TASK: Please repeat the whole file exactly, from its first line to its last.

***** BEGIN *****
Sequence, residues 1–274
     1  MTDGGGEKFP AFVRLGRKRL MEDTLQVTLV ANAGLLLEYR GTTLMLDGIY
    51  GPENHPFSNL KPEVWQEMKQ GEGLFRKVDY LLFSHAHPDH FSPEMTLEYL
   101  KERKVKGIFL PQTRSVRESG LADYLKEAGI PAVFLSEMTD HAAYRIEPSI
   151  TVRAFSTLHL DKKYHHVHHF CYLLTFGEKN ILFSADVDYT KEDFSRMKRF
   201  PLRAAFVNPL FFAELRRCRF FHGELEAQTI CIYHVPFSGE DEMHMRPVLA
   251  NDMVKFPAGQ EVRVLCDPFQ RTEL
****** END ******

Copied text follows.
Sequence, residues 1–274
     1  MTDGGGEKFP AFVRLGRKRL MEDTLQVTLV ANAGLLLEYR GTTLMLDGIY
    51  GPENHPFSNL KPEVWQEMKQ GEGLFRKVDY LLFSHAHPDH FSPEMTLEYL
   101  KERKVKGIFL PQTRSVRESG LADYLKEAGI PAVFLSEMTD HAAYRIEPSI
   151  TVRAFSTLHL DKKYHHVHHF CYLLTFGEKN ILFSADVDYT KEDFSRMKRF
   201  PLRAAFVNPL FFAELRRCRF FHGELEAQTI CIYHVPFSGE DEMHMRPVLA
   251  NDMVKFPAGQ EVRVLCDPFQ RTEL